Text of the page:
The video, at www.BytesizeScience.com, explains that champagne, unlike other wines, undergoes a second fermentation in the bottle to trap carbon dioxide gas, which dissolves into the wine and forms the familiar bubbles in the bubbly.
More than 600 chemical compounds join carbon dioxide in champagne, each lending its own unique quality to the aroma and flavor of the alcoholic beverage, Chemical Society members say.
But even with all of that flavor, champagne would be just another white wine without the tiny bubbles. As the bubbles ascend the length of a glass in tiny trains, they drag along molecules of those 600 flavor and aroma substances, which literally explode out of the surface as the bubbles burst, tickling the nose and stimulating the senses, the video says.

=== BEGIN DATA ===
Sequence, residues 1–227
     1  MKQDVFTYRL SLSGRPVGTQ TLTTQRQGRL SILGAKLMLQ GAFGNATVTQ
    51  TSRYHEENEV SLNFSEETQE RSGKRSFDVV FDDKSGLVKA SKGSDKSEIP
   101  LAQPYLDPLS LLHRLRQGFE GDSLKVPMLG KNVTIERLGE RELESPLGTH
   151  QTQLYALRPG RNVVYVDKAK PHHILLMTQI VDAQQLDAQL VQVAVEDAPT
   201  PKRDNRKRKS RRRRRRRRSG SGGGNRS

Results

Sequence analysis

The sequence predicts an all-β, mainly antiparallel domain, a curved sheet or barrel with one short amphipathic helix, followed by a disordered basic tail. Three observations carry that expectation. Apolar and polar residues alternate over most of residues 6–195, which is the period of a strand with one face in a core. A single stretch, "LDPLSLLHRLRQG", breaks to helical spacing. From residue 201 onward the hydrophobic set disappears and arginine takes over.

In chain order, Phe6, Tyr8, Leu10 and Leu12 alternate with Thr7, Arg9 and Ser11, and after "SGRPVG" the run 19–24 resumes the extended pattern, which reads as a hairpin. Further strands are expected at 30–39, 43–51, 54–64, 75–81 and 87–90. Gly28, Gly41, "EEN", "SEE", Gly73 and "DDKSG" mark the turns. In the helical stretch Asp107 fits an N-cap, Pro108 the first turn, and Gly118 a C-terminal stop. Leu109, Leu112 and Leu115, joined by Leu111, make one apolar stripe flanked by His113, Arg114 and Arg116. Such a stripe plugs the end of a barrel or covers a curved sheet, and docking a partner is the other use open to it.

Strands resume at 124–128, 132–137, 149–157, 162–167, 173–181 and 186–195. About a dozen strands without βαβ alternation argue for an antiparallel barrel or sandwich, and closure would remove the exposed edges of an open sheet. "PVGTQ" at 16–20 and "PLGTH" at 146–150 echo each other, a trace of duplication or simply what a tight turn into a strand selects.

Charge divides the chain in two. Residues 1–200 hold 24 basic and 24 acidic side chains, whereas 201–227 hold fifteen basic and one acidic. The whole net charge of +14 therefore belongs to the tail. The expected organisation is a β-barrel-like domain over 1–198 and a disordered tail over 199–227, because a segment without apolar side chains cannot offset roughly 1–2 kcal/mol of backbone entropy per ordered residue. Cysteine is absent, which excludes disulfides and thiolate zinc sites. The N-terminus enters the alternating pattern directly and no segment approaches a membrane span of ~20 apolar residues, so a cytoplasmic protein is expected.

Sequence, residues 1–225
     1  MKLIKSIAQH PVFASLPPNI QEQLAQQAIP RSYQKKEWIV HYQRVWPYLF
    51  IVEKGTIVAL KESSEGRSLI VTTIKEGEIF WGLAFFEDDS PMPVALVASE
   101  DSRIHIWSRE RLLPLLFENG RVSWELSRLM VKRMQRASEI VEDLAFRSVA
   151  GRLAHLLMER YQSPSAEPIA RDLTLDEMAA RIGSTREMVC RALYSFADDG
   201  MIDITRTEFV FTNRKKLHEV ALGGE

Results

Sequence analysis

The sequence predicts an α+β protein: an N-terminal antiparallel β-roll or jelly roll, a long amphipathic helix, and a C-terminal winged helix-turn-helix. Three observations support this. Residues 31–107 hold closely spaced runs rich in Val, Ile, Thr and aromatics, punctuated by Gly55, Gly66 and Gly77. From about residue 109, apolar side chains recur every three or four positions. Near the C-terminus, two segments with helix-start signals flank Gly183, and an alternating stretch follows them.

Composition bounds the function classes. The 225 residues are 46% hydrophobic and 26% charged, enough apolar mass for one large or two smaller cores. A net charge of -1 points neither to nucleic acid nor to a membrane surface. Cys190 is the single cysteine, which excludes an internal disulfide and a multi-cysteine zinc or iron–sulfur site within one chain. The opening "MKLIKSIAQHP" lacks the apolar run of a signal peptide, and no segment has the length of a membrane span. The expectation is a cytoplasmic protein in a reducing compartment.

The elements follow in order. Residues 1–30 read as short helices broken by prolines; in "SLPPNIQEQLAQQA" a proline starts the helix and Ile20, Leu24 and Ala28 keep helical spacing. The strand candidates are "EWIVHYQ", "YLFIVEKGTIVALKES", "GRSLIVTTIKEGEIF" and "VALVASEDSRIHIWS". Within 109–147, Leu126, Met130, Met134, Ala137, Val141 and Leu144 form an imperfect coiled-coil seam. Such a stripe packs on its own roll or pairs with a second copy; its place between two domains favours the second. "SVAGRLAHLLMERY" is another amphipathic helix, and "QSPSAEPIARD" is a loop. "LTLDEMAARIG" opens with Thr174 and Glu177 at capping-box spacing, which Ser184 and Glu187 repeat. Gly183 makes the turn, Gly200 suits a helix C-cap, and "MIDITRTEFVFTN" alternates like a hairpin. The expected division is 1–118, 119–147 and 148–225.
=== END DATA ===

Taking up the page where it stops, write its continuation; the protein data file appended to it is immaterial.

A study published in the Journal of Agricultural and Food Chemistry found the best way to pour a glass of bubbly and maximize the sensory experience is on an angle, because the champagne can retain as much as twice the amount of carbon dioxide as compared with pouring down the middle of the glass.
The additional bubbles carry out more of the hundreds of flavor compounds in champagne, the study says.
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